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Massachusetts residents lobby state officials to support Safe Communities Act

State Rep. Mike Connolly speaks at the Boston Common Wednesday afternoon and encourages Massachusetts legislators to pass the Safe Communities Act. PHOTO BY KECHENG LIU/ DAILY FREE PRESS STAFF

On a gloomy Wednesday afternoon, approximately 150 people gathered at the Boston Common to participate in an “emergency rally” to support immigrants, urging Massachusetts elected officials to support the Safe Communities Act.

The rally, planned by the Massachusetts Immigrant and Refugee Advocacy Coalition, was intended to take place at the Massachusetts State House to celebrate the 21st Annual Immigrants Day, said Joel Rivera, a field organizer for the MIRA Coalition.

“We want to take the temperatures of legislators and we want them to be flooded by people who are supporting this bill,” Rivera told The Daily Free Press after the rally.

Rivera said the protest was moved to Boston Common to accommodate the large number of people who would not fit into the Great Hall on the second floor of the Massachusetts State House.

“Our endgame is to get as many people on board as possible, to get the speaker on board and to get the governor on board to pass this bill,” Rivera said.

Franklin Peralta, a campaign organizer of English for New Bostonians, an organization that works to ensure adult immigrants in Massachusetts have an opportunity to learn English, served as the leader of the rally.

“We have to give a voice to everybody so that when they feel threatened by the immigration officials or by the police officers … they know they are protected in the state of Massachusetts,” Peralta said to the crowd.

Between speakers, Peralta led the crowd in a series of chants, such as “No hate! No fear! Immigrants are welcome here!” and “Sí se puede!”

Claudia Kreiman, a rabbi at Temple Beth Zion in Brookline, shared her experience of becoming an American citizen alongside 300 fellow immigrants at Faneuil Hall last year.

“We waved our American flags and felt grateful to have found a safe and secure home in the United States,” Kreiman said. “However … my immigration process and path to citizenship was relatively easy and straightforward, and so I feel particularly responsible to help other immigrants who often experience much more significant challenges.”

Nadeem Mazen, the first Muslim-American city councilor in Cambridge, addressed the discrepancy between the political ideology of Massachusetts residents and the policies the state legislature has enacted.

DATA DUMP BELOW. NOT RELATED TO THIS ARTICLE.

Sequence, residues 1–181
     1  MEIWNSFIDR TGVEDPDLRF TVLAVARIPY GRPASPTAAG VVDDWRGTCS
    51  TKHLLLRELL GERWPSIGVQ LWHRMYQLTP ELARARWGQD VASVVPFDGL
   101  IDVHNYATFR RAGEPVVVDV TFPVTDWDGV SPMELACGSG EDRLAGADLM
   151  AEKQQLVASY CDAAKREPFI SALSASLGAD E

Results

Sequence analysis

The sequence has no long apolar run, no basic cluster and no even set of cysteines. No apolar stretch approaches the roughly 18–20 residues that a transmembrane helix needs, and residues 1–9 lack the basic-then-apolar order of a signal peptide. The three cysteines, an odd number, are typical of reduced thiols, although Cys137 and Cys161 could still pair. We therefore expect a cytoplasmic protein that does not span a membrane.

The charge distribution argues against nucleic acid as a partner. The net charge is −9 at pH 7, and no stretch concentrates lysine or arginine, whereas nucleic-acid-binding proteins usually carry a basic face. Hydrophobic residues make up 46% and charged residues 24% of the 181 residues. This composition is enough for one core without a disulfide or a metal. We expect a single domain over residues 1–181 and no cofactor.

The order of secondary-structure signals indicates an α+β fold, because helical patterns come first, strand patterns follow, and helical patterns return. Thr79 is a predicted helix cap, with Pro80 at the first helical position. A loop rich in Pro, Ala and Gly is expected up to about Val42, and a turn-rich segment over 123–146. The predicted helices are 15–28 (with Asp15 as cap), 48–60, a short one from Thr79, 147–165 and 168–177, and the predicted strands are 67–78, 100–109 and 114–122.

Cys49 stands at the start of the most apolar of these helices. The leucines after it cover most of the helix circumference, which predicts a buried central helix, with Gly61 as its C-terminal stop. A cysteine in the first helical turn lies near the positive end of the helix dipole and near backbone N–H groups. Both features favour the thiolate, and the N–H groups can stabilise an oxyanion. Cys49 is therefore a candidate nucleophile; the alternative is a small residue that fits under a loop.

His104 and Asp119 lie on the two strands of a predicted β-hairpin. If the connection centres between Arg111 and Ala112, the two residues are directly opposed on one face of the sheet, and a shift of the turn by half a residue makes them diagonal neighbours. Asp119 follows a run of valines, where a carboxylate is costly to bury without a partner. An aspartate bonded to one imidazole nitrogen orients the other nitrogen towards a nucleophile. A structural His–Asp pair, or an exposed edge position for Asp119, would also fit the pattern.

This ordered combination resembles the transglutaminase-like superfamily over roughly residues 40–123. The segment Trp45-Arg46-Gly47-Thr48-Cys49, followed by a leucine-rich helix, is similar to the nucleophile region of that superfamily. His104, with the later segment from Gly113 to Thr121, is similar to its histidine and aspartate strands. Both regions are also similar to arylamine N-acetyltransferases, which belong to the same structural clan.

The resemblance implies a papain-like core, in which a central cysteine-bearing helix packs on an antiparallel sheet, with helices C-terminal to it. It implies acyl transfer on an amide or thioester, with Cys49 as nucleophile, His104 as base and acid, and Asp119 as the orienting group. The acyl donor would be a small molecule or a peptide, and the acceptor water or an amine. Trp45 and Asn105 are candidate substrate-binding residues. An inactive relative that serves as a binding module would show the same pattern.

“We are in a state that is heavily, heavily blue,” Mazen said. “The State House has not yet heard that message and the Safe Communities Act is not expected to be a sure thing.”

Mazen urged the state legislature to pass the Safe Communities Act because of its popularity among Massachusetts residents.

“Elected officials must accept that this is something that would be a no-brainer if our elected representatives represented our electorate,” Mazen said.

Jan Devereux, a Cambridge city councilor, said before the rally that she has seen firsthand how protecting immigrants can improve communities as a whole.

“Cambridge has been a sanctuary [city] since the early ‘80s, so we know its value,” Devereux said. “We know that it actually increases public safety [and] increases trust in our communities, and we want everyone else to follow those principles, too.”

Several Massachusetts residents said they attended the rally to show their support for immigrants’ rights.

Phaedra Mangan-Rocha, 28, of Waltham, said she does not agree with the policies enacted by the current presidential administration.

“Immigrants have made all the difference in the United States,” Mangan said. “My husband is an immigrant, and I know that he has contributed a lot to this economy. It’s ridiculous that there’s still this hateful rhetoric that we see in the news every day.”

Ian Trefethen, 35, of Jamaica Plain, said every citizen deserves to feel safe and protected.

“In order to have safe communities, we need to protect everyone in the community and that includes folks who are documented and undocumented,” Trefethen said.

Barbara McCauley, 69, of Arlington, said she gained exposure to immigrants’ struggles by listening to their stories while volunteering at free medical clinics in Framingham and Sudbury.

“I had contact with a lot of immigrants who were terrified and I also heard a lot of trauma stories about experiences they had … trying to cross the border into Texas,” McCauley said. “I also heard some stories from people who have been pulled by [Immigration and Customs Enforcement]. They were horrifying, particularly women with newborn babies and that kind of thing.”

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